Tribble looked at me earnestly. That body, he told me, his voice assuming a didactic tone, ”had hair on its chest.” And everybody knows, he continued, that ”blacks don’t grow hair on their chest until they get to be about 30.”

The Bootstrapper

In 1955, Joseph Wilson Kellum was a lawyer in Sumner, Miss. In 1995, he was still a lawyer in Sumner, and still practicing out of the same office, across the street from the courtroom where Bryant and Milam were tried and acquitted. J.W. Kellum was their defense attorney.

He was actually one of five; it is said that the defendants hired every lawyer in Sumner so that the state would not be able to appoint any of them a special prosecutor on the case. Kellum gave one of two closing statements for the defense, during which he told the jurors that they were ”absolutely the custodians of American civilization” and implored them, ”I want you to tell me where under God’s shining sun is the land of the free and the home of the brave if you don’t turn these boys loose — your forefathers will absolutely turn over in their graves!”

Kellum was a 28-year-old grocery clerk who had never attended college when, in 1939, he took the state bar exam, passed it and immediately started a solo law practice. For more than 50 years his office was a plain, squat concrete structure bulging with messy piles of books and files and papers, unremarkable but for its proximity to the courthouse. We talked there for 90 minutes, and he never once grew defensive or refused to answer a question. At the start, he told me, he had regarded the defense of Bryant and Milam as ”just another case over the desk.” Had he ever asked them if they killed Emmett Till?

”Yeah,” he said, ”they denied that they had did it.”

I asked if he had believed them. ”Yeah, I believed them,” he replied, ”just like I would if I was interrogating a client now. I would have no reason to think he’s lying to me.”

I quoted his statement about the jurors’ forefathers turning over in their graves if the defendants were convicted. What had he meant by that? ”Their forefathers, possibly, would not have ever convicted any white man for killing a black man,” he explained. I asked Kellum if he’d had any misgivings about appealing to the jury’s racial attitudes that way. ”No, not at the time,” he replied.

”Did you feel the same way at the time?” I asked.

”Not now,” he said. He told me about a Vietnamese boy he sponsored in 1975, after the fall of Saigon. I restated the question. ”Put it this way,” he said. ”I didn’t feel that it was justifiable in killing an individual, regardless of what his color might be. I didn’t think any white man had a right to kill an individual — black individual — like he was a dog.”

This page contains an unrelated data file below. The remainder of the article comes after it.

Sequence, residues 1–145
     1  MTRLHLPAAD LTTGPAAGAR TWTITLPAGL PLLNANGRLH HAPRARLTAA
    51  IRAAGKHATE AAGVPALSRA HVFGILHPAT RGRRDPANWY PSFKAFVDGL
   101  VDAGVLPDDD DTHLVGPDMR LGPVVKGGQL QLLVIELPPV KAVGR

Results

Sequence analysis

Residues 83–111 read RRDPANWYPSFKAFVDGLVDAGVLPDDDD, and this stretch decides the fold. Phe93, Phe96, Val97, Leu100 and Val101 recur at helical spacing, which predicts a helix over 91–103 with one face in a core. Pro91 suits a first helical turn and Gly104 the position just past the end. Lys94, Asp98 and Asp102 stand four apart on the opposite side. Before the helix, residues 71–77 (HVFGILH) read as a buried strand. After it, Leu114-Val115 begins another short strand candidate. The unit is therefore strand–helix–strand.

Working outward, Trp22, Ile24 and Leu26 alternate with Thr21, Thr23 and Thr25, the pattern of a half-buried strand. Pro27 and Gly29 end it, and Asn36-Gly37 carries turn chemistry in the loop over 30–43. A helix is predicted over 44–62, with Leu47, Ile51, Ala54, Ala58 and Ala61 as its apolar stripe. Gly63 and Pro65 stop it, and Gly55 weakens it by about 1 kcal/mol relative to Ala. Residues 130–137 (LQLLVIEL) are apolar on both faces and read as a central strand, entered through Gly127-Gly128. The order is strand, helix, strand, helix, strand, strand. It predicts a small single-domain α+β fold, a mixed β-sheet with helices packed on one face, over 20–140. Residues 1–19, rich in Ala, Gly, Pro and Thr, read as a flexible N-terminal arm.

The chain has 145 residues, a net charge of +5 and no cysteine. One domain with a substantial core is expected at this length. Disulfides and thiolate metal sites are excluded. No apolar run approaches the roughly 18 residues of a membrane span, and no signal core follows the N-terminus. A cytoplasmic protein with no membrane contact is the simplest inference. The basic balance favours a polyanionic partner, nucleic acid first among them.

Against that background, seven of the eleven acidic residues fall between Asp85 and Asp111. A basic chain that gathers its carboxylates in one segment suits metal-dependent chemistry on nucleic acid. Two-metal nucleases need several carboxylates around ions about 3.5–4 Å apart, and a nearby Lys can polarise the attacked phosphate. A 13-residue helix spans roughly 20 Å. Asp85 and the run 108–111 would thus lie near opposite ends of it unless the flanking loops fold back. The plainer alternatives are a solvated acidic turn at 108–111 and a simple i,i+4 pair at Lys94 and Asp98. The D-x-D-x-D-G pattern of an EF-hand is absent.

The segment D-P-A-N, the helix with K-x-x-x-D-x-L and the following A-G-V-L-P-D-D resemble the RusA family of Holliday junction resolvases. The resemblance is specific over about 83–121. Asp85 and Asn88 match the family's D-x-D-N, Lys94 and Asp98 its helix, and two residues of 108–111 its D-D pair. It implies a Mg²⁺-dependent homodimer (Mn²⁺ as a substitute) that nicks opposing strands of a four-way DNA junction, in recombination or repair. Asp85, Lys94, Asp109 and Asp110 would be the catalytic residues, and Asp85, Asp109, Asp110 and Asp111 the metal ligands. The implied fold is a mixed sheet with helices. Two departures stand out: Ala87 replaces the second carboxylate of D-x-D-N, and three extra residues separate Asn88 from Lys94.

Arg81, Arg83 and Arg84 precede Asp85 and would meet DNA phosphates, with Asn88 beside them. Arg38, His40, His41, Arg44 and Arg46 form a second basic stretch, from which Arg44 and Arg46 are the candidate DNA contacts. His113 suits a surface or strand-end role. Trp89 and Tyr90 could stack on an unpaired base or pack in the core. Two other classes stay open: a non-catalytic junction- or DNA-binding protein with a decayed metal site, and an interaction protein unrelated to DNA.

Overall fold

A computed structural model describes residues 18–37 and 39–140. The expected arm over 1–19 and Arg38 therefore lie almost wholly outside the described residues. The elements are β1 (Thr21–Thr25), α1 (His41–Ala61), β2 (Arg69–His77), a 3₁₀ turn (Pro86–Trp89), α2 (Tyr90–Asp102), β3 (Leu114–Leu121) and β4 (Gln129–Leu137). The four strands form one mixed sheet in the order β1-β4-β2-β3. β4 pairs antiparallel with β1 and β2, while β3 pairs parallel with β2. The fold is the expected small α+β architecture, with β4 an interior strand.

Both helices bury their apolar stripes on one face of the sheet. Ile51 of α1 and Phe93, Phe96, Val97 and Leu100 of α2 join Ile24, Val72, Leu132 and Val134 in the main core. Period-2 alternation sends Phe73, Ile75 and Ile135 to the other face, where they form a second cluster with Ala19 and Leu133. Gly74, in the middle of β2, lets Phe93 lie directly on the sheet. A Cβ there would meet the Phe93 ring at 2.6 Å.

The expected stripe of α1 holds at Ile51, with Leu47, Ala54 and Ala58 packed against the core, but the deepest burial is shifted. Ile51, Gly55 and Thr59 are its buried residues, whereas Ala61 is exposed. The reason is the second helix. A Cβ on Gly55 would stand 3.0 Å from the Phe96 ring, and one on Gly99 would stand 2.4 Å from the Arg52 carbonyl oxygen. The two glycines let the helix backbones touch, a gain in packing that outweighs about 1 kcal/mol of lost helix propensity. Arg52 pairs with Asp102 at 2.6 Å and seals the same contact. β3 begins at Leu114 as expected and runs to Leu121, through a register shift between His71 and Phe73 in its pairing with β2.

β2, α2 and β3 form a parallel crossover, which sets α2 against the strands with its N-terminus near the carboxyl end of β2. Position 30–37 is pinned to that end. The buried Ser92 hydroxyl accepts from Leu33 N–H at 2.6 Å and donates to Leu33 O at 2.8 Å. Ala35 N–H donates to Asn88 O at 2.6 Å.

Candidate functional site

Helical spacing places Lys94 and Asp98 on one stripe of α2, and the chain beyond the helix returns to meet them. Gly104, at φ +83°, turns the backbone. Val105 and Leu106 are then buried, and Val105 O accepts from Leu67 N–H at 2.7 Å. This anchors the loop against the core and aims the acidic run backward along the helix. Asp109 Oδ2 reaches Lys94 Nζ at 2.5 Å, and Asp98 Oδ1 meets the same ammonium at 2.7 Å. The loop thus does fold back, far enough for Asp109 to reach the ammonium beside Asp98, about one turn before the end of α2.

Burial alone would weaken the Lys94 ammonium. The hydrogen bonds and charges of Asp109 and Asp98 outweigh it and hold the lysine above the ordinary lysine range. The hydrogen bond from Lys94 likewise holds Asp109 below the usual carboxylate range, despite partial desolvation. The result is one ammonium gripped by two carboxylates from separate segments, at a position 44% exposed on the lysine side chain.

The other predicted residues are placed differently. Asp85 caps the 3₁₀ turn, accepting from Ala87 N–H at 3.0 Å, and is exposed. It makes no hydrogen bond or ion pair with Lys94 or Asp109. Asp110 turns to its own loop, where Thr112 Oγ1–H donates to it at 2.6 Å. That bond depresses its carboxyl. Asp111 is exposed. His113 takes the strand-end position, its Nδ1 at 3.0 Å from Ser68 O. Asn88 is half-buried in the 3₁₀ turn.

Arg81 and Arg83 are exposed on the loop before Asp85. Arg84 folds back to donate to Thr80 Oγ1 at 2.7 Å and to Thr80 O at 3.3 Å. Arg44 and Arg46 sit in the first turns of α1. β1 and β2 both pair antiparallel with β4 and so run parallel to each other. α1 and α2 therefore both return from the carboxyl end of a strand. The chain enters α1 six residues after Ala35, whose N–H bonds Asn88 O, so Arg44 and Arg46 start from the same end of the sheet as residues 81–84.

How, then, could he have so passionately implored the jury, in his closing argument, to rule in a way that would nullify those very values? ”I was trying to say something that would meet with — where they would agree with me, you see. Because I was employed to defend those fellas. And I was going to defend them as much as I could and stay within the law. Those statements were not — I received no admonition during the argument from the judge at all.”

”So you just looked at it as part of your job?”

”Part of the day’s work,” he said.

Did he now believe that Bryant and Milam had, in fact, murdered Till?

”I would have to see something,” he said. ”But they told me they did not. They told the other lawyers that they did not. I have not seen anything where it was supposed to have been an admission of guilt on their part.”

If that statement were true, it would make him quite possibly the only man alive at the time who had not read or at least heard about Huie’s Look article. But I didn’t press him on it, didn’t call him a liar. The strange thing is that, in my memory, I had always pressed J.W. Kellum hard, maybe even a bit too hard; for 10 years, I felt a bit guilty about how pointedly I had posed difficult questions to a rather genial octogenarian who had graciously invited me into his office and offered me as much of his time as I wanted. Today, though, when I read through the transcript of that conversation, I can’t help feeling that I was too easy on the man. I guess we all make accommodations with the past.

The Aristocrat